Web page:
Mangroves for the Decade on Restoration

Heard of it yet? Yes, this is is the new decade for climate and biodiversity action. A decade on ecosystem restoration.

And from the look of things, we are on the hopeful path of leading in the creation of solutions. From planting and monitoring of trees, to safeguarding and protecting existing forest ecosystems, to sustainably managing and using the the gifts of nature. The solutions are right before us, we just have to step out of our comfort zones, and actually transform our promises and words to Action. Because ACTION is what counts in the end.

And so, on to a recap of what Blue Earth Organisation – organisers, Young Muslim Association, Kenya Environmental Action Network(KEAN) embarked on to mark our entry into the decade, and action for grassroots communities, a writeup by Green Treasures Farms.

Where: Mkupe bridge Miritini, Mombasa, Kenya.
Number of trees planted: 500 mangroves.


In a forest stretch where the local community forest association, along with the Kenya Forest Service, and local organisations have been driving mangrove restoration and conservation programs, the Miritini forest site is quite the delight! Through Blue Earth Organization, local youth and community have embarked on a huge Mangrove restoration journey – the plan – to plant 10,000 mangrove seedlings and monitor growth over the year. And for sure, so far over 1000 seedlings have been planted and now thriving. For the 30th January 2021 mangrove planting day at Miritini, this was not just about the planting. No, it was more about resilience and community leadership in safeguarding this coastal ecosystem. Joyfilled planting exercise, getting stuck in the mud, and helping each other plant seeds of hope – an assurance of climate mitigation & adaptation, including the associated co-benefits. And so, cheers to the 500 mangrove seedlings planted on this particular occasion. To Blue Earth Organisation and Young Muslim Association, YMA, we remain committed to joining your noble causes, and to transforming our communities together.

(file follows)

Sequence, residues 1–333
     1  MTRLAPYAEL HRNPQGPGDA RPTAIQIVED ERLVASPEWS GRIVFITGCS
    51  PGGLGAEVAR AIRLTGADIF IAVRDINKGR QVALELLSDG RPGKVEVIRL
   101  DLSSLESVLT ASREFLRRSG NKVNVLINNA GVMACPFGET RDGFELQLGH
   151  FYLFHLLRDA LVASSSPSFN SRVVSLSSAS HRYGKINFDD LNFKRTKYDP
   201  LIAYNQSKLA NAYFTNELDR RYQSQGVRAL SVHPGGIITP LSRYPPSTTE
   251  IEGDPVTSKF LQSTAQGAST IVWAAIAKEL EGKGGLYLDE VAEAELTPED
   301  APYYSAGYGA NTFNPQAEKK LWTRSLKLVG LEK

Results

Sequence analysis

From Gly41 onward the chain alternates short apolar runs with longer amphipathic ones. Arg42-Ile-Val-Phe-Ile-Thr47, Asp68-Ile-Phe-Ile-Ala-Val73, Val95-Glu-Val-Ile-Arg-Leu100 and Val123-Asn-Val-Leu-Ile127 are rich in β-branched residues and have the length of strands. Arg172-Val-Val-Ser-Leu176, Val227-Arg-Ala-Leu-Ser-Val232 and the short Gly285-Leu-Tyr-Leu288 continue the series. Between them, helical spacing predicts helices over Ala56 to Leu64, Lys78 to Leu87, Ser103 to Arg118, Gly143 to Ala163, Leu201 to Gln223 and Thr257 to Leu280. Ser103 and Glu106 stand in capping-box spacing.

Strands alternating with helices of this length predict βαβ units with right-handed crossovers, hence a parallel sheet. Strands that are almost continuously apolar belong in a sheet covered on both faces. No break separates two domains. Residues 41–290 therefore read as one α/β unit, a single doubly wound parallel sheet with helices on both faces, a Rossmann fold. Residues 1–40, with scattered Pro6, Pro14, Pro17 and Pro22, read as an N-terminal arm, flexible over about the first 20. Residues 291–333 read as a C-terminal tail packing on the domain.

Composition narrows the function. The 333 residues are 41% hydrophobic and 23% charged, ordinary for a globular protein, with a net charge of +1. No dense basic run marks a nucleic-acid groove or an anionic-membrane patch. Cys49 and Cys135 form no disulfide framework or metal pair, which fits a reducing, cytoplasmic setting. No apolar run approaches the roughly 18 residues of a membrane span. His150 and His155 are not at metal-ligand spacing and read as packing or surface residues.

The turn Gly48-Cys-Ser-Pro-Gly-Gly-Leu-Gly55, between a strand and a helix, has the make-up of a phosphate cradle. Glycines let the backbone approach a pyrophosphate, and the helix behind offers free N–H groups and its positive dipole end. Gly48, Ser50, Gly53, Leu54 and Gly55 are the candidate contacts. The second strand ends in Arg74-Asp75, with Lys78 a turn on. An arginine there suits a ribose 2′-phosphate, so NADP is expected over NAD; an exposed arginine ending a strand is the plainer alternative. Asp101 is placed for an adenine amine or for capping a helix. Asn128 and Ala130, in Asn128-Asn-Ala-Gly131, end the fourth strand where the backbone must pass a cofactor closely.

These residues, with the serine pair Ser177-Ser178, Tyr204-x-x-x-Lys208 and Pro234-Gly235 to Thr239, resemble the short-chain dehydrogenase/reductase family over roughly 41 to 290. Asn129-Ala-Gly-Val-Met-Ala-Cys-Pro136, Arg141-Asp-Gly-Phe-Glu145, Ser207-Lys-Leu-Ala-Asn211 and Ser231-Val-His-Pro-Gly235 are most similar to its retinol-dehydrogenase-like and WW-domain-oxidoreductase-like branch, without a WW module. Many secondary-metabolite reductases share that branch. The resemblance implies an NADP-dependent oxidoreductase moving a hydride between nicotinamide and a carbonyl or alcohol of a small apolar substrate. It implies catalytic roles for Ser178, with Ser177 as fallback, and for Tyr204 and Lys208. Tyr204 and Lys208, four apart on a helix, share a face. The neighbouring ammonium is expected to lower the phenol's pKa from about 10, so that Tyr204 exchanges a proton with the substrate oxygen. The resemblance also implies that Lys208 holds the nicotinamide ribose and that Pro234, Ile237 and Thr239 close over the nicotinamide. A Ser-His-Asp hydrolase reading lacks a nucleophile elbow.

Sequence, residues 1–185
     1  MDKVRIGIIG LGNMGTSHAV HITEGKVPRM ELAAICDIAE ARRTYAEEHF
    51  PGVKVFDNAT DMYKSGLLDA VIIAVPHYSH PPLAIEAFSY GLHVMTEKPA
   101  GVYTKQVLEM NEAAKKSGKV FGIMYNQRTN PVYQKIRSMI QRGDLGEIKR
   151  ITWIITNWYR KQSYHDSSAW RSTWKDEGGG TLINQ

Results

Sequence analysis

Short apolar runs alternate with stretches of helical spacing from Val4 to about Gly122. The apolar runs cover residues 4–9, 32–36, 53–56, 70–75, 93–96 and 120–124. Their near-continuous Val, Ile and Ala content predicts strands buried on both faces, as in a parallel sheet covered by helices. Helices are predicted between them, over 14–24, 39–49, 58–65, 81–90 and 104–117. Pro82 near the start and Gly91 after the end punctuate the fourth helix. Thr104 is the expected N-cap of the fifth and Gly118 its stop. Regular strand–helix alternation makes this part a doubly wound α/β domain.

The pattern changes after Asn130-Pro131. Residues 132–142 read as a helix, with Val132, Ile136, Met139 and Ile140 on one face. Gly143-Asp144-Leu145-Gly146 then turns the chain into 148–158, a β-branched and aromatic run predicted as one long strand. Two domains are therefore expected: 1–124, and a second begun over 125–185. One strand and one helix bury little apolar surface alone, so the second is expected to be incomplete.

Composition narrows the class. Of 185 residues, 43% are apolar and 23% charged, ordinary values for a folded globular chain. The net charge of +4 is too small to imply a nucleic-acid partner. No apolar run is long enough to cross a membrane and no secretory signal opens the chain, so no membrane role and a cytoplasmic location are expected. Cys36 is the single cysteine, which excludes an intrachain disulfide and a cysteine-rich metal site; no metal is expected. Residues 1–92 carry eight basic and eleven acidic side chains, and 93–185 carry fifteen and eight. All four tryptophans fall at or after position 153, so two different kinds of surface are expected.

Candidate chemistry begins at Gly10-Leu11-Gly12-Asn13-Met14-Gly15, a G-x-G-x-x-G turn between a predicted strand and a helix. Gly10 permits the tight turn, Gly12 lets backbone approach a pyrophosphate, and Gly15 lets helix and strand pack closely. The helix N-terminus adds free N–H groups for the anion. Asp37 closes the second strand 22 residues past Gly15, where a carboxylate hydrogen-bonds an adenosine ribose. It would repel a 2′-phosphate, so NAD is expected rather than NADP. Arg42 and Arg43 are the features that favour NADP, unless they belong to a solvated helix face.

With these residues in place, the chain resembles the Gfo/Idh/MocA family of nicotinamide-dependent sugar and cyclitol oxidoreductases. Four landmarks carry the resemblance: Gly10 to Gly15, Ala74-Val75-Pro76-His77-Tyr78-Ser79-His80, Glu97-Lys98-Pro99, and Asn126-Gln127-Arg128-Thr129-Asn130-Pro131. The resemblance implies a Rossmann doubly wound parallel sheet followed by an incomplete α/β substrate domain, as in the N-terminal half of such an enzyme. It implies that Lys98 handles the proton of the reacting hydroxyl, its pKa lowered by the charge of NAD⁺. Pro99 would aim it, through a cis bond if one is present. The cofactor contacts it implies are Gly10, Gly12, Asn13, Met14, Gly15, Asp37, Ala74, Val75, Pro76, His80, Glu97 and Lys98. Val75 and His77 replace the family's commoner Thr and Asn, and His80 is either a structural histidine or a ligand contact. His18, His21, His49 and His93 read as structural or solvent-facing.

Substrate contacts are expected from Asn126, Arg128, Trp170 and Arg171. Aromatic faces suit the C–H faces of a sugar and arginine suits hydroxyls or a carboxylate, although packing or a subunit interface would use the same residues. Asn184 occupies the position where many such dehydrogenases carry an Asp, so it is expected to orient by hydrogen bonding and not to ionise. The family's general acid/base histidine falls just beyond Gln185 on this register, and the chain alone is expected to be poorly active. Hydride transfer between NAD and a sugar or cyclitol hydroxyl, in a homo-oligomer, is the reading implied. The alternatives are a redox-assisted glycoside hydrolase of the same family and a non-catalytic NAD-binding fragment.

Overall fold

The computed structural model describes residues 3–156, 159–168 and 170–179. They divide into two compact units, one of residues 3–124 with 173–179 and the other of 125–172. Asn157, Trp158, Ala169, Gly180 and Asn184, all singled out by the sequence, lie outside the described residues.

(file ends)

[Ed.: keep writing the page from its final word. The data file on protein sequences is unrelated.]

1. Things will not change unless we make them to. For Blue Earth Organization and partners, this has been the motivation to do what they do best – agency-driven conservation.

2. Alone you may go faster, but together we can go far. Do not underestimate the power of people coming together for impact. From far and near, work with everyone genuinely willing to walk the journey. You’ll be surprised how many people are serious about the issues you are working on. It also will help grow your networks and friends base.

3. Documentation. Do the good work, but remember to also document the progress made. Your journey will inspire others to take action, just as it will make it easier for others to engage in the future. Write about it, take some photos and videos, publish content as you can, inspire others and have the footage to monitor changes. It is also a good place to inform and/or support research.

4. Support local groups. If anything, strive to empower and boost sustainable local businesses and ventures. For the Miritini forest, one way of doing this is by purchasing the community forest association run mangrove tree nurseries. It not only saves you transportation costs for seedlings, but gives a well deserved livelihood opportunity to the community, while definitely enhancing restoration efforts there.

5. Make allies with Nature. It is not about planting the seedlings. It is rather, more about the strong bonds between man and the environment. You protect and restore that which you value. So if you yearn to live in a serene, climate resilient surrounding, then it is a no-brainer that being pals with nature ticks the box. Spend time in the forest, explore the muddy ecosystems, know the tree and animal diversity around you, think of the free ecosystem services all can enjoy if we are at peace with Mother Nature, heal her and make a better world for yourself and for future generations.

Engage more in Mangrove restoration/conservation:

  1. Reach out to us at or to connect you to local community-led initiatives driving restoration efforts
  2. While at it, we thought you’d want to check out the Mikoko Pamoja mangrove conservation, and its sister project, Vanga Blue Forest – with some quick notes here.
  3. Heard of Plan Vivo, an international organization that regulates carbon credits? See here.
  4. Check out and engage with BigShip Environmental Organization.


As always, here’s to some moments for the day:

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